Natural Chorusiano

A Yamaha silent upright piano

The story

This Instrument is recorded from a basic Yamaha silent upright piano (model b2e PE-Silent). I recorded the piano and at the same time I also recorded the audio from the silent unit.

Reviews for Natural Chorusiano

  • Sound
  • Character
  • Playability
  • Inspiration
  • GUI

Leave a review to let others know what you thought of the instrument!

  • Don’t listen to negative reviews

    This instrument sounds good to me. So I will use it. I don’t care how it was sampled or how many intervals were used.

    Larry Seyer19 October 2021
  • A good first attempt at sampling

    This is a good first attempt at sampling. There are a few things that could be done differently next time to improve the results. One key thing would be to sample more keys on the piano. You could sample every octave, or every fifth, or even thirds if you're really patient. Having more samples means less pitch shifting and therefore more realism. Seonc, as notes on a piano are struck harder or softer, the harmonics notes that make up a single note actually change their balance. Because of that, it's important to sample each note you're going to sample at a soft volume and at a loud volume at the minimum. If you want to get fancy, you can try to three or more different volumes. Just be sure you're really consistent when playing the notes so all the soft samples end up about the same volume and therefore with the same balance of harmonics. I'll look forward to this samplist sharing more content to the PB website in the future!

    Sam Ecoff30 October 2021
  • Room for Improvement

    i agree with the reviewers above. While this is a commendable first attempt at sampling, theres alot of room for improvement. First of all im not really a fan of these bright, honky, rock and roll kind of pianos, preferring cinematic and felted usually, so that already puts me at a bias. Ontop of that as mentioned by others the instrument has a pretty pitch shifted sound because of how few samples were acctually used. So even though it can be painstaking i would agree the you should try to sample more notes. And as Sam mentioned, so much of the emotion from the piano comes from how dynamic it can be and how its tone changes from playing soft to loud. So thats something to think about when recording dynamic layers. Round Robins i also think are very crucial in sampling. Nice first attempt and theres alot of room for improvement here.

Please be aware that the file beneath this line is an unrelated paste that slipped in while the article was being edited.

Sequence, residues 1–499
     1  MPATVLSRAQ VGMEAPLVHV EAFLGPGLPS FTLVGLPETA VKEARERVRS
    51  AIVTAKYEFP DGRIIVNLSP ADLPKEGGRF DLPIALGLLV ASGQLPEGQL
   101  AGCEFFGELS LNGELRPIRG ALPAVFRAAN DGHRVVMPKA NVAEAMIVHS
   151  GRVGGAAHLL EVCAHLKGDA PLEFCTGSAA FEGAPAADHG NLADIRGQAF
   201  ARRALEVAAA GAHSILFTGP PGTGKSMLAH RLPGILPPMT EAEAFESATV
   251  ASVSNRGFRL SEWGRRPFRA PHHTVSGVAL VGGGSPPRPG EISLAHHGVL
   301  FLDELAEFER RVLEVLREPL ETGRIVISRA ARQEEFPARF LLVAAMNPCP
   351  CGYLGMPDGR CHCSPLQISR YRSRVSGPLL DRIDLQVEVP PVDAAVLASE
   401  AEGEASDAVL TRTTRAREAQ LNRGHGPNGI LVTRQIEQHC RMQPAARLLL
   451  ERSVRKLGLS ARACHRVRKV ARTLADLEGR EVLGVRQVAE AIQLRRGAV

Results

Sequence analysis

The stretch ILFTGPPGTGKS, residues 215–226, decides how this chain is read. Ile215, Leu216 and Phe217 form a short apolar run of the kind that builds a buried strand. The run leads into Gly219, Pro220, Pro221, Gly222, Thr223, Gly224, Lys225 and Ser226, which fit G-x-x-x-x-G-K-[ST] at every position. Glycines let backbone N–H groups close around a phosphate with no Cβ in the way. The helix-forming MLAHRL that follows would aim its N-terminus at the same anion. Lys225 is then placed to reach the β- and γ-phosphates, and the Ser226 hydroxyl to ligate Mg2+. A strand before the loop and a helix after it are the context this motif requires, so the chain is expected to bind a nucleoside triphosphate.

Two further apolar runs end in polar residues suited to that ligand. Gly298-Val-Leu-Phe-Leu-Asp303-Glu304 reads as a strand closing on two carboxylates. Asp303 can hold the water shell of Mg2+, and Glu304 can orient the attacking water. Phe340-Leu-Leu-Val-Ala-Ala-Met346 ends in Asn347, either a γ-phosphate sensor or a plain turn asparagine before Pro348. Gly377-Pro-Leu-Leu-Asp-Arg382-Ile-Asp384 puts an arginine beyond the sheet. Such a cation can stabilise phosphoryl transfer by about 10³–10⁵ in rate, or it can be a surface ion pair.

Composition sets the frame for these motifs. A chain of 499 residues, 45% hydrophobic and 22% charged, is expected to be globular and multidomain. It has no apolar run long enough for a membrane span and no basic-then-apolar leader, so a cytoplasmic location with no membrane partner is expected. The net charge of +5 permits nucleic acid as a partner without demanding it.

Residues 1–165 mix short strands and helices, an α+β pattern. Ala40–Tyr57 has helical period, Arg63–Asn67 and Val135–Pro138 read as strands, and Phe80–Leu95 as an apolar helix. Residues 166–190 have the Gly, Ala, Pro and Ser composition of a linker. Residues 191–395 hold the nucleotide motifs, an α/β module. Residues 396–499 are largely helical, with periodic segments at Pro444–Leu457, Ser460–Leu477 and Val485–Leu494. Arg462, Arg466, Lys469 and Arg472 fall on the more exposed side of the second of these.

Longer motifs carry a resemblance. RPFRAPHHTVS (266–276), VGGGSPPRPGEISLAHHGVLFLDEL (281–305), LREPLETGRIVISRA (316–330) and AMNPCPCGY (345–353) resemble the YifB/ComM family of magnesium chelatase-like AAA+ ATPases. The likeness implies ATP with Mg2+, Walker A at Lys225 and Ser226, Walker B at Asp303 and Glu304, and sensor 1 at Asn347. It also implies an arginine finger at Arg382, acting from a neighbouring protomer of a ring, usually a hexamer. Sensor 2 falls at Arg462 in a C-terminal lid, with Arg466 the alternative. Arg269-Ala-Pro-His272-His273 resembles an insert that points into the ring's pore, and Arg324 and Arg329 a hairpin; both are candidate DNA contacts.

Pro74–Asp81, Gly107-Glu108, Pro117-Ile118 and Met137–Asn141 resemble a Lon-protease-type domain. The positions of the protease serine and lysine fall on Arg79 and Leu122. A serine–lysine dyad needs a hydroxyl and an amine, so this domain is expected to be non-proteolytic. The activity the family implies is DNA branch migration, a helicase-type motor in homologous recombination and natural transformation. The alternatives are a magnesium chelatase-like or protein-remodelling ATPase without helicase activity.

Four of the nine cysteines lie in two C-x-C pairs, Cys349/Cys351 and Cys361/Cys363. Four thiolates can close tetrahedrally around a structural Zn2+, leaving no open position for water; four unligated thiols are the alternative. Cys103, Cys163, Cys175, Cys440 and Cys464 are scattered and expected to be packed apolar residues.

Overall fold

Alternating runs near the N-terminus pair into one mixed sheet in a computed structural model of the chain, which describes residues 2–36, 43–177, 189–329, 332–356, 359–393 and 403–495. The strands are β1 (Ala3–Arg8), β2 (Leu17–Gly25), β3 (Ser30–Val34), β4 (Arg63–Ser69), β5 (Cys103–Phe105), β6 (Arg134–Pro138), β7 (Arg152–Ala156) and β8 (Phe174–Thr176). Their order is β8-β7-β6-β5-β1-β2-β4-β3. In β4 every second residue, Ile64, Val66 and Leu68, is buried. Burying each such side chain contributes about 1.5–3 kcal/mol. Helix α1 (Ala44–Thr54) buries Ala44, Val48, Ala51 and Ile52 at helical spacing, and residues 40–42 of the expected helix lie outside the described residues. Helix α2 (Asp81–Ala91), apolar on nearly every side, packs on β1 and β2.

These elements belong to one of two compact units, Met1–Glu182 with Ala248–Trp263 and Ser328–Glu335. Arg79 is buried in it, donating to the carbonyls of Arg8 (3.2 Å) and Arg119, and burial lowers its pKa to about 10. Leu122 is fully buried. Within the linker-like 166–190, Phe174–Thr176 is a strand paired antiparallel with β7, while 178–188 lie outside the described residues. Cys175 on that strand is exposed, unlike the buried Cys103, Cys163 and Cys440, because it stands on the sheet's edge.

septemberwalk05 November 2021
  • The release setting holds it back

    This simple upright piano instrument with a very common sound signature that unfortunately has a playability problem that might turn some users away. That's the release setting, since lifting your finger from a key acts almost like a mute button, and pianos don't work like that due to their majestic resonances. You can still try using it with the sustain pedal or through direct midi programming as a workaround, but if you overdo it you might start introducing various noises that are included in the samples.

    You might also realize that the sound signature is a little inconsistent between various group of keys, so I don't know how I feel about that. Nonetheless, you might find a better way to use those limitations in a more creative way.

    Alex Raptakis01 December 2021
  • It's not the best...

    This instrument is extremely unpolished, it's extremely choppy, notes don't release well, holding through the full recording, you can hear a clock in the background, different notes sound like they were recorded on different microphones and at different hit strengths. It's employing Christian Henson's recommendation to recording in rising 5ths, and then pitch down, but it instead seems like it was done in intervals as large as 15ths. I strongly suggest against using this sample instrument.

    Murph Elyria12 October 2021